Summer Camp Fund

Scouting offers troubled boys a healthier alternative

Isaac Sandoval was 14 and on the brink of trouble in his eastside neighborhood when a friend suggested he check out the Boy Scouts Scouting Through Soccer Program.

Within months of joining, he was forming healthy friendships with other boys and adults in the program, learning leadership and life skills that he says opened his eyes to a bigger, brighter world.

Attending Camp Grimes, the summer camp run by the Mecklenburg County Council of Boy Scouts in the foothills of the Blue Ridge Mountains, made his commitment to living a positive, healthy life even stronger.

“It distracted me from stuff that I was doing,” he says.

Now 22, Sandoval hasn’t missed a single summer at Camp Grimes, returning as a volunteer after aging out of Boy Scouts at 18 and graduating from Garinger High School. He is an employee of the Mecklenburg County Council of the Boy Scouts, helping administer programs and shepherding Scouts and troop leaders through the program.

Sandoval runs his own Scouting Through Soccer troop now. He’s hoping that about half of his 10-member troop will go to Camp Grimes with him this summer.

“The experience is overwhelming,” he says. “I fell in love with it.”

The camp, open to Scouts between the ages of 101/2 and 18, costs $260 for a one-week session. To give boys from low-income families a chance to attend, the program makes scholarships available, through donations from the Charlotte Observer Summer Camp Fund and other area groups.

This summer, 57 Scouts will attend Camp Grimes through the Observer’s Summer Camp Fund.

Thanks to the generosity of readers, as well as matching grants and corporate donations, more than 260 kids will attend 14 camps this summer through the Summer Camp Fund. This is the fund’s sixth year.

Because many boys in the Scouting Through Soccer program have never gone away to camp before, convincing the parents is sometimes a tricky task, program organizers say.

But once there, the boys are able to earn scores of merit badges in areas such as swimming and riflery, welding and water-skiing.

Mornings are spent in structured classes and activities, earning badges and working on skills. In the afternoons, there’s free time to swim in the lake and play sports. Scouts sleep on cots in tents or cabins.

Scout leaders who run the program say all boys benefit from scouting, but those who may be at risk for getting into trouble especially do. The Scouting Through Soccer program is designed to make scouting approachable for Latino and other minority youths.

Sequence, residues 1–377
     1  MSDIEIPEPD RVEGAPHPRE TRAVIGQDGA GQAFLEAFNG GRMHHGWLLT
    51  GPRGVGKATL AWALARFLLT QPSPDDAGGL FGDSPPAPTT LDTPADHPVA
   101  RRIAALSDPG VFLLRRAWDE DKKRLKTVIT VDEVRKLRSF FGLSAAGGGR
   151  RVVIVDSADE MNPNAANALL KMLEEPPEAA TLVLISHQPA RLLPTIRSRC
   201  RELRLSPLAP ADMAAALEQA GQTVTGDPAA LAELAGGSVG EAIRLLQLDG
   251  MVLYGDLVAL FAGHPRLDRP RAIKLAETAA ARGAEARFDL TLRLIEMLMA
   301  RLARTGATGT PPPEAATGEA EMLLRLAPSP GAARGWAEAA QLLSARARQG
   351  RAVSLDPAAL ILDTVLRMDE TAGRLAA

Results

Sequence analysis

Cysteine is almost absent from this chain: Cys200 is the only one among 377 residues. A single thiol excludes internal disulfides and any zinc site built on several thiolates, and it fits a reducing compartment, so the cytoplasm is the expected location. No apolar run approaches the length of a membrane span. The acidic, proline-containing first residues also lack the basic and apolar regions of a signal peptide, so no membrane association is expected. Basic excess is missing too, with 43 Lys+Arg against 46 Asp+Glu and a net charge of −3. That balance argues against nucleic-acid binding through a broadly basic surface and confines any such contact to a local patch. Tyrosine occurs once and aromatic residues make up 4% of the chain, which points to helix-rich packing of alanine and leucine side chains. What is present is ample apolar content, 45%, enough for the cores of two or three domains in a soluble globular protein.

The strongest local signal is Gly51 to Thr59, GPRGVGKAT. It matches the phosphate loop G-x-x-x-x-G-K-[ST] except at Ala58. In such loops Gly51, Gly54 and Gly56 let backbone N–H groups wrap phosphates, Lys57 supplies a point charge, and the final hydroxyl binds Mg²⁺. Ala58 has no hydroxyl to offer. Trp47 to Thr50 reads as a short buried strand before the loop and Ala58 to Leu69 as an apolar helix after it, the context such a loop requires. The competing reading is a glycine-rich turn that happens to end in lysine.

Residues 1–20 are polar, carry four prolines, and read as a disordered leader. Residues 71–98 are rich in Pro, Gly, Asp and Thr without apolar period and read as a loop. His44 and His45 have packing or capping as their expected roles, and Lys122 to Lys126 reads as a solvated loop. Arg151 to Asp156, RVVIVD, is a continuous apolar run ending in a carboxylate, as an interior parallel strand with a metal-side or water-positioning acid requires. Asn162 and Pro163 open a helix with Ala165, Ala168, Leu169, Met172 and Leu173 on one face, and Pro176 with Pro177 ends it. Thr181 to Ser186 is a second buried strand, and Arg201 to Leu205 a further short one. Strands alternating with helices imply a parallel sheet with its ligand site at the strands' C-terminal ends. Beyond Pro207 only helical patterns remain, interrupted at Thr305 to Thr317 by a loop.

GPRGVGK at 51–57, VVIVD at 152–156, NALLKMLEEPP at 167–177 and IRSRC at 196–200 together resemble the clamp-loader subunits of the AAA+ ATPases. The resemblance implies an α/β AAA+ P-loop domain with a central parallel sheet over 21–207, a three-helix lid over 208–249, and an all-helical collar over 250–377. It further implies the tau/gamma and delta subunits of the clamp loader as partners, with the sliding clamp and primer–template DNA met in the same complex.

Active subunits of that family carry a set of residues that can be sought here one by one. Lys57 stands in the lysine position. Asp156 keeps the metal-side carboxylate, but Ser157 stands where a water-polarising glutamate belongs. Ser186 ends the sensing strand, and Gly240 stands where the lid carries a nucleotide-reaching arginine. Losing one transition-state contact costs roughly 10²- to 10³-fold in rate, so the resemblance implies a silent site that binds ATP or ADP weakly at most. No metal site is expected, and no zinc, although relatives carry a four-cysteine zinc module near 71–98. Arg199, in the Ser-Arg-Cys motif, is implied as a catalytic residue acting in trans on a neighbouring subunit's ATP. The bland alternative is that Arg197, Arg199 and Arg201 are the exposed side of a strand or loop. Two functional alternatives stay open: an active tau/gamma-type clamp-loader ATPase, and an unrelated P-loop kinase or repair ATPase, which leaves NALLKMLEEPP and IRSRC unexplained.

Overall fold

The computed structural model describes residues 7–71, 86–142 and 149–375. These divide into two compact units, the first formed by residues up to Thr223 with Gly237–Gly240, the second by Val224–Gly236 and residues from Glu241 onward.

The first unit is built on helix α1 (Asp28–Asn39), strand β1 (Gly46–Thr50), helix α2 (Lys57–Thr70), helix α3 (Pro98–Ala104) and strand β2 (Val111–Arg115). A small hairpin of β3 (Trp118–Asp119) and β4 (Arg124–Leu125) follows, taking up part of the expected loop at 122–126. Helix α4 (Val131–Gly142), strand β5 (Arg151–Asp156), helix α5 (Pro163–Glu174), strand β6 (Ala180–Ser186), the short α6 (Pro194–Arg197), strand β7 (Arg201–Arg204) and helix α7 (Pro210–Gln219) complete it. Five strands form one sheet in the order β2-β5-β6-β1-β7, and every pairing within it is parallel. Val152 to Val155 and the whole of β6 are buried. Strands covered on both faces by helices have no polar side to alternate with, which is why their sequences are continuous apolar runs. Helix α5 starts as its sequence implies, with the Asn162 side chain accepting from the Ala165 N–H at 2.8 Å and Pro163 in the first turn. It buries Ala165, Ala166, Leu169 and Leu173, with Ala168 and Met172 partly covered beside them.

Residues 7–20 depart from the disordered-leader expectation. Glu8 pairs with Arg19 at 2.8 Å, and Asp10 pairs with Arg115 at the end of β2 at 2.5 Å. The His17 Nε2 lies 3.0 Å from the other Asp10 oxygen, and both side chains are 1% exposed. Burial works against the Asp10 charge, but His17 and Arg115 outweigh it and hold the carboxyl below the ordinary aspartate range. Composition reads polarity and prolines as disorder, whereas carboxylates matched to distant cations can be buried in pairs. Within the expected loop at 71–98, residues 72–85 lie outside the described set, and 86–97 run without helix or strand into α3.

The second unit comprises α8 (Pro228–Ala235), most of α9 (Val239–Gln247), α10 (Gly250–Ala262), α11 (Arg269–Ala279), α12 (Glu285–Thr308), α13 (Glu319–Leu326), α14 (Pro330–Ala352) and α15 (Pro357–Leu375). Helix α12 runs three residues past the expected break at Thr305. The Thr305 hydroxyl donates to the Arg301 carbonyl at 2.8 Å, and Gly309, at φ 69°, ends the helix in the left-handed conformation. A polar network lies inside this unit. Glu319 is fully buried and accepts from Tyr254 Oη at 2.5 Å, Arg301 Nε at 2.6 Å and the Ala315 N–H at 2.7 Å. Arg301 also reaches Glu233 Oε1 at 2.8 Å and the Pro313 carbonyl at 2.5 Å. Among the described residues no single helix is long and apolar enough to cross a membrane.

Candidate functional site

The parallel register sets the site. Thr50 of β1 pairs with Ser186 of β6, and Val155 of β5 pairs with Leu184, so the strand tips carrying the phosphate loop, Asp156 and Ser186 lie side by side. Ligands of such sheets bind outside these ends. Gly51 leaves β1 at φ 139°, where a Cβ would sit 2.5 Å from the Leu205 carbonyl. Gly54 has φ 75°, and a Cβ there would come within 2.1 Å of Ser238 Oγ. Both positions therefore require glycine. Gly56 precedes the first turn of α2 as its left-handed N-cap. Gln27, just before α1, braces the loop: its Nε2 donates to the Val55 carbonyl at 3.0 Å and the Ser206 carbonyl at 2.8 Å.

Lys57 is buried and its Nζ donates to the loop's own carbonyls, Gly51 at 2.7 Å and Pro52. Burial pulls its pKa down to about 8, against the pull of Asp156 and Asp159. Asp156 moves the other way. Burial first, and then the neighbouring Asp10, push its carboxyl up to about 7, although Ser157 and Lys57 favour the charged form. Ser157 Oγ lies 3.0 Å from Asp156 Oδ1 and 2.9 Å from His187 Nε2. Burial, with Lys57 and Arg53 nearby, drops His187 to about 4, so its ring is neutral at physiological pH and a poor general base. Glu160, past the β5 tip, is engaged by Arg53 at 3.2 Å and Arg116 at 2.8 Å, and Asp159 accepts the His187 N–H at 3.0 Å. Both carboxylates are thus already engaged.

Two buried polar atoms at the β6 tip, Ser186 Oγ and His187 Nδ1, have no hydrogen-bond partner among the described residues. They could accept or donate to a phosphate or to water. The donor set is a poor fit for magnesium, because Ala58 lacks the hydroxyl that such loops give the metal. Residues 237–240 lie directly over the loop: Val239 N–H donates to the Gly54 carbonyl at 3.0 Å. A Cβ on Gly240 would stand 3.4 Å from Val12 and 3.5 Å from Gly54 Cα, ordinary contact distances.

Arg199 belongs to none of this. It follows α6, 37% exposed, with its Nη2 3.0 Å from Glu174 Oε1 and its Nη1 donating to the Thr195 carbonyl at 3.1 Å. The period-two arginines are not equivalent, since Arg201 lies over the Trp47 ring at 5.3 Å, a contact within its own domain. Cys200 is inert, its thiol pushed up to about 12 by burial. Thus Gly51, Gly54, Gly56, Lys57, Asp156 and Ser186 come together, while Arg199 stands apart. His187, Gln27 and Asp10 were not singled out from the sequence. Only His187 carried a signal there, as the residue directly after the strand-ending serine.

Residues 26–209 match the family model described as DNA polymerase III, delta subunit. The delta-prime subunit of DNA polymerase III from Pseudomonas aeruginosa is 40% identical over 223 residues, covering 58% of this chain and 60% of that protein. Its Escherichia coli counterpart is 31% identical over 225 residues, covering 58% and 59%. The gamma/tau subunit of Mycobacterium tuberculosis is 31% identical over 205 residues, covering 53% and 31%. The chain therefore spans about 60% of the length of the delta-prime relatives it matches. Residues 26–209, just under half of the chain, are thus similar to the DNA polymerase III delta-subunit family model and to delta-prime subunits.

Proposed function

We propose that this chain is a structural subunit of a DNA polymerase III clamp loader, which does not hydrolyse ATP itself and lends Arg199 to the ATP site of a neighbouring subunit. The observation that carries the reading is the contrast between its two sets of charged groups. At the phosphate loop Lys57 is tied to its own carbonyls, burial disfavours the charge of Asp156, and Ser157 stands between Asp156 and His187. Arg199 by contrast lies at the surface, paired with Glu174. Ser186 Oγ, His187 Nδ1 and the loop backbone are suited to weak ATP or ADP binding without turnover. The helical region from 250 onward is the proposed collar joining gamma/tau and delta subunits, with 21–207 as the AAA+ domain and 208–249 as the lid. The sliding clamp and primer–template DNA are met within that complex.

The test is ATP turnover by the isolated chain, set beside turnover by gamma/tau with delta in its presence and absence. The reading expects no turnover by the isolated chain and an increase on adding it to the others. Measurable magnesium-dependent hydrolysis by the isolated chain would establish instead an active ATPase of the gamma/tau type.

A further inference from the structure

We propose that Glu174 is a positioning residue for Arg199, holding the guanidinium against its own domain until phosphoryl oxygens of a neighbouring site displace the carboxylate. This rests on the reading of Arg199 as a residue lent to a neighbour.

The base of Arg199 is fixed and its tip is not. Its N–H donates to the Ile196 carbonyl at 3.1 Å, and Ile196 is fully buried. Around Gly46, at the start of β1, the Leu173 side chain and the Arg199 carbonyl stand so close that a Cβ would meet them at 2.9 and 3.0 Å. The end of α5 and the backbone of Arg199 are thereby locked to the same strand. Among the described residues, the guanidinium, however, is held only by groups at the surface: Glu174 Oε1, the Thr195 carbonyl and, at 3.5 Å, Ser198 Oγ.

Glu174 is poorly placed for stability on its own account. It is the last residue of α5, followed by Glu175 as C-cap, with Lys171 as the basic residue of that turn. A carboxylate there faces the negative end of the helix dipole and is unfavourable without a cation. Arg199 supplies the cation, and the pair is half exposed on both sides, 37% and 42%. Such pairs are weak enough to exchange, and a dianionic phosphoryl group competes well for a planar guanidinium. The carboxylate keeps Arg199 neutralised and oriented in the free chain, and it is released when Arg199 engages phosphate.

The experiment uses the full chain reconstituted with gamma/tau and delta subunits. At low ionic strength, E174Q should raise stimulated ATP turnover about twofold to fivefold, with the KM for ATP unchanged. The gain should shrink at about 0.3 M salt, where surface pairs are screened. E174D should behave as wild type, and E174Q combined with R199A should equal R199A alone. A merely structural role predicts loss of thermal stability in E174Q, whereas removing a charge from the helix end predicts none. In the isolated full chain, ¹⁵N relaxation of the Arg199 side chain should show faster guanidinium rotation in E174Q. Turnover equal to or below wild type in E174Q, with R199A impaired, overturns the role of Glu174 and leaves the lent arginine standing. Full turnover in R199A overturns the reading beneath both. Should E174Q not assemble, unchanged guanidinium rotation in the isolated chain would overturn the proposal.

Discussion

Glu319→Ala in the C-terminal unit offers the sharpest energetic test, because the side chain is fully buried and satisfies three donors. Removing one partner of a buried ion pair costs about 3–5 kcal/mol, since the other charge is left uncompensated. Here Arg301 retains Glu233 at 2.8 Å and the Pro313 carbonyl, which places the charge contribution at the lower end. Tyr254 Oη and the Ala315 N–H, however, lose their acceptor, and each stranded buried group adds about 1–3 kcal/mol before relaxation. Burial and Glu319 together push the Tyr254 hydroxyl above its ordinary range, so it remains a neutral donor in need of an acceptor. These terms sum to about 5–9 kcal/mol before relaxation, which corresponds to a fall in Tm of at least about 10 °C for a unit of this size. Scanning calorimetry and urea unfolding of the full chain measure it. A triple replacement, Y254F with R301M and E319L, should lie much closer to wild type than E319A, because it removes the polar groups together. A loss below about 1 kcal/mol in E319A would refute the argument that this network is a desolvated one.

In many Latin American countries, scouting is reserved for financially well-off families, says Hector Abreu, director of the Scouting Through Soccer Program at the Mecklenburg County Council of the Boy Scouts.

Camp Grimes is a big draw for some boys because it gives them a chance to earn multiple merit badges in a one-week span.

“Boys like to prove themselves by accomplishing tasks. So while being able to start a fire in their neighborhood might not be a necessary skill, to be able to do it boosts self-confidence,” says Justin Lewter, director of Exploring & Special Initiatives for the Mecklenburg County Council of the Boy Scouts.

“It boosts your self-esteem to know that you can learn to do things, so you approach the next challenge more courageous and willing to try,” he said.

Kids who attend camp “have a greater sense of camaraderie” with their troop-mates, Lewter says. “Whereas they knew each other as teammates, they now know each other as bunkmates.”

Michael Palma, 15, is about to embark on his fifth summer at Camp Grimes.

He’s excited about showing camp newcomers the ropes and sharing his passion for the place.

“You try new stuff, and you learn about the wild, how to protect wildlife, and how to take care of yourself,” says Palma, an incoming ninth-grader at Marie G. Davis Learning Language Academy.

His mom, Lynn Palma, volunteers with the Boy Scouts by helping get the word out about Scouting Through Soccer in the local Latino community.

“Camp Grimes gives kids the opportunity to get away from the electronic world,” Lynn Palma says. “They get that outdoor experience that in most places of the city of Charlotte, you don’t get.”

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